The Lagos State Commissioner for Health, Akin Abayomi, said on Thursday that the state may experience the peak of coronavirus by August.
Speaking at a press briefing on Thursday, Mr Abayomi said that the COVID-19 prediction model of the state holds that the pandemic will soon reach its peak, followed by the flattening of the curve and a gradual decline in the number of cases.
“We believe that in the next week or two, we are going to see an increase in both the private sector testing and public laboratory testing.
“We are still seeing a gentle increase in the number of cases overtime cumulatively. Lagos will theoretically peak in the month of August, it will flatten out and over some time, we will see a decline,” Mr Abayomi said.
The commissioner earlier said the state will record between 90,000 to 120,000 positive cases by July or August.
When asked whether the state is still going by the model, the commissioner said the model is already playing out.
“For every one person that tested positive, there are probably 10 people that are positive and have not been tested.”
The commissioner said Lagos having about 13,000 confirmed cases as of July shows that there are 130,000 overall going by the calculation.
As of Thursday, Lagos has conducted over 56, 276 COVID-19 tests, out of which 13,543 came back positive.
The commissioner said the state currently has 2,476 active cases of coronavirus, 9,066 cases recovered in communities, 2079 discharged cases and 192 deaths within the isolation facilities and communities.
The commissioner disclosed that the state is currently conducting 1,000 tests per day but is planning to increase testing to between 2500 and 4000 per day.
Mr Abayomi said the public sector will conduct tests for those that need to be tested while the private sector will focus on “those that want to be tested”.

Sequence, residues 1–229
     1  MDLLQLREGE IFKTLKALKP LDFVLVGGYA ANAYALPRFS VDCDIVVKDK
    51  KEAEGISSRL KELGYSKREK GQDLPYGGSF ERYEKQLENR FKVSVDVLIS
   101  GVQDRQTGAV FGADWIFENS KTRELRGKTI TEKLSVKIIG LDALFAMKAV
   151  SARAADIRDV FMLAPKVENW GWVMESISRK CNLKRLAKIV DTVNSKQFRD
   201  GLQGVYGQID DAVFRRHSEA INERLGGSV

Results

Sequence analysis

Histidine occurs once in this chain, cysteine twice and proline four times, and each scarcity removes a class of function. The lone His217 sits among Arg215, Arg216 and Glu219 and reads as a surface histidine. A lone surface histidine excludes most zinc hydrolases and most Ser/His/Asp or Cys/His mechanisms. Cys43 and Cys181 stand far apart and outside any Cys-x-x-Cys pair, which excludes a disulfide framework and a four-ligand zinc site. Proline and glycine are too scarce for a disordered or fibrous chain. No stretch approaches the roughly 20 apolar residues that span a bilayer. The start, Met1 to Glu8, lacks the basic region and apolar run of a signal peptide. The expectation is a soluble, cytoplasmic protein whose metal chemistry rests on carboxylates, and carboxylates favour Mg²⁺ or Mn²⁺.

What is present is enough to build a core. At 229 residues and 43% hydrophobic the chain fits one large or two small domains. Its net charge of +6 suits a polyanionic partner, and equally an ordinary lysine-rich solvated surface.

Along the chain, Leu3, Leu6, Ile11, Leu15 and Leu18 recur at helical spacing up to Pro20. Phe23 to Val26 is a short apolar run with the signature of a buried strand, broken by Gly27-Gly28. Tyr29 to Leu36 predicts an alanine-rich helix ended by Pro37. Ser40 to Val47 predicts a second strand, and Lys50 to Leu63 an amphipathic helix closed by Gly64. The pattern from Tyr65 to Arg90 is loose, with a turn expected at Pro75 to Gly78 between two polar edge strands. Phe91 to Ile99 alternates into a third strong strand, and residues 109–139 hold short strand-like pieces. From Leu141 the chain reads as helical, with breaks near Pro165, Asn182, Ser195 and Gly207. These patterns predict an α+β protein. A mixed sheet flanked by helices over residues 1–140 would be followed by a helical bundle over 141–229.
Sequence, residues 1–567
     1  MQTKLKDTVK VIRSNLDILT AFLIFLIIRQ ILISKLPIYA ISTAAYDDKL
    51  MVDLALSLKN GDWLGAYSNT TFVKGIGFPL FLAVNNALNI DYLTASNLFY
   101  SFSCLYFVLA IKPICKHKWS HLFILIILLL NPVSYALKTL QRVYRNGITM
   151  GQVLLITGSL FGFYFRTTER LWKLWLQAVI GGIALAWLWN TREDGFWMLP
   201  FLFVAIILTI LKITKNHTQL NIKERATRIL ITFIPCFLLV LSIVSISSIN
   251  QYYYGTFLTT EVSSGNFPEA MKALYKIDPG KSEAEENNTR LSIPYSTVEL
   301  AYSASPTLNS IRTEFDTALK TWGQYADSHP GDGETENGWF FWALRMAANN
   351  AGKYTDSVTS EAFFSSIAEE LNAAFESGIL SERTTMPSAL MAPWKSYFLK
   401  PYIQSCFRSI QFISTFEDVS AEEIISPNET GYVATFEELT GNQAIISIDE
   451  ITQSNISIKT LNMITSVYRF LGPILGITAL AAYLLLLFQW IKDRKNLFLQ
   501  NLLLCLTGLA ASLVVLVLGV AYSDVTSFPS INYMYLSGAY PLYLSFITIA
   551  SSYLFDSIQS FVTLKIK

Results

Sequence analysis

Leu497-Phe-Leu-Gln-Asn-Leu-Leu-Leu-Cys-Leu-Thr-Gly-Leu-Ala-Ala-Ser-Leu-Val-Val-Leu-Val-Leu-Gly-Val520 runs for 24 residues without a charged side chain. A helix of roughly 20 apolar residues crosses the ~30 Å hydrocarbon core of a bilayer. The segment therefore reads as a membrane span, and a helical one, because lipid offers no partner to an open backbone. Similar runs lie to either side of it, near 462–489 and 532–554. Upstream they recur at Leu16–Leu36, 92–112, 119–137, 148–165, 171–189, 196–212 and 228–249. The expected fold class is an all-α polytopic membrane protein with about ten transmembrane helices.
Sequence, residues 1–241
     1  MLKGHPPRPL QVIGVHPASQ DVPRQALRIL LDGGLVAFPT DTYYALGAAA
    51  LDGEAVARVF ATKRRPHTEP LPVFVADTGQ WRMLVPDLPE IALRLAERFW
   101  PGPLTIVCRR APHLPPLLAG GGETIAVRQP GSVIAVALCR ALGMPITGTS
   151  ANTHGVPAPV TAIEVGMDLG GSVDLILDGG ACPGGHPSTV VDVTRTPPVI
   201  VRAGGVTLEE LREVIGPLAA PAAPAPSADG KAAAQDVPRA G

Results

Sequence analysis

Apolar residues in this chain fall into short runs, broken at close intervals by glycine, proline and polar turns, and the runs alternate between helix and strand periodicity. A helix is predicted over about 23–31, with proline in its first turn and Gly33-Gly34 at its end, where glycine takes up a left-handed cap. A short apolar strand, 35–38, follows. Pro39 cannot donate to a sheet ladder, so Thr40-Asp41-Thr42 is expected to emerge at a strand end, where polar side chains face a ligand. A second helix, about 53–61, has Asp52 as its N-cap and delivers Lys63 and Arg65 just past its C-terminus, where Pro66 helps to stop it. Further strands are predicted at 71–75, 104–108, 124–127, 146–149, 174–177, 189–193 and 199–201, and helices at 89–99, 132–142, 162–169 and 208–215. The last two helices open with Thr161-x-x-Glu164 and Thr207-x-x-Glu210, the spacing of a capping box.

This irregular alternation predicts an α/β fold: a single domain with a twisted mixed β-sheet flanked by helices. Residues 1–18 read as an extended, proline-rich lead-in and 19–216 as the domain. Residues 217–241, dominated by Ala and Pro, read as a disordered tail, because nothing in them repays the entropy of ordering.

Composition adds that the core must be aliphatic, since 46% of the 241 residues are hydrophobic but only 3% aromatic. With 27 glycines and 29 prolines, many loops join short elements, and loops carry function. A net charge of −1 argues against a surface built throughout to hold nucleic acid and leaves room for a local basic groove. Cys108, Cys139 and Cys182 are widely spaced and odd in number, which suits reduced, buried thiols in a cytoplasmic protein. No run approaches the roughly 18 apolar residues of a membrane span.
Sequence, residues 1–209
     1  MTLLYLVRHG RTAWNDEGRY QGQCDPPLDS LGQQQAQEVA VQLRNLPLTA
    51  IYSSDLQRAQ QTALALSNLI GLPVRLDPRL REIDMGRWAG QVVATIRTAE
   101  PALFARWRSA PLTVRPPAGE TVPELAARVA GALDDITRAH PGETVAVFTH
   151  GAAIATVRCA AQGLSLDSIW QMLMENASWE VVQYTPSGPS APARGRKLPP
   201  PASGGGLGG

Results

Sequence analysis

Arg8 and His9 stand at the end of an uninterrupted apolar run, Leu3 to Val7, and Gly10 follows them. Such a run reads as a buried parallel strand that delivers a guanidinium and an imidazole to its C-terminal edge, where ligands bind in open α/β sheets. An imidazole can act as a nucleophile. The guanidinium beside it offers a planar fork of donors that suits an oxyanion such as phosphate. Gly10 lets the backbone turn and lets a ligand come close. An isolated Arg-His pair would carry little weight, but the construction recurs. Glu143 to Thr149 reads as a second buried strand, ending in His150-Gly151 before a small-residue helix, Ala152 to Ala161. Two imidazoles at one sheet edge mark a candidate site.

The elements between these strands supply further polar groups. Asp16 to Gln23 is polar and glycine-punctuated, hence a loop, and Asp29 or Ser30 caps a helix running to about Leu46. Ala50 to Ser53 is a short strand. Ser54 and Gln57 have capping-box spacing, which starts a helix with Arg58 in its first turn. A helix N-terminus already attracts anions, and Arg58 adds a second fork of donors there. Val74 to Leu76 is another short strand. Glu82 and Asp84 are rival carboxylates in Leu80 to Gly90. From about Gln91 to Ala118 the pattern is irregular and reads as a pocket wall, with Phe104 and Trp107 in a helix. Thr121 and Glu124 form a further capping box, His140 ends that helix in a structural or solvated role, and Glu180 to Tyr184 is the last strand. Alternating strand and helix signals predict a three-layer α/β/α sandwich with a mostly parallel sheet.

The commissioner said the state has not approved rapid testing due to its inaccuracy.
“Rapid testing is not reliable, it shows patients to be negative when they are positive and positive when they are negative.
“The government has not been able to pass or accredit any of these rapid diagnostic tests because they do not have accuracy,” he said.
Mr Abayomi said it is illegal of private facilities to conduct COVID-19 testing without government approval, adding that two facilities have been shut down during COVID.
He advised private practitioners not to perform COVID-19 tests “because they risk their facilities being shut down by the government”.
The commissioner said the state will increase sampling in local governments by increasing sample collection centres from 20 to 57, one per local government development area.
The state will also set up oxygen kiosks in the decentralised sample collection centres, he added.
Management of COVID-19 Patients
Meanwhile, to increase its capacity in COVID-19 management, the Lagos State Ministry of Health has commenced management of COVID-19 cases electronically.
“We manage asymptomatic or mild cases of coronavirus electronically. We keep in touch through telephone, telemedicine, phone calls, zoom calls, and other ways of monitoring people who are self-isolating at home, including home visits if possible,” he said.
Mr Abayomi said the state will formally activate the home-care management in the coming weeks.
He added that two new isolation centres will go active in the coming weeks: a 70-bed capacity isolation centre and a 150-bed centre at Yaba.
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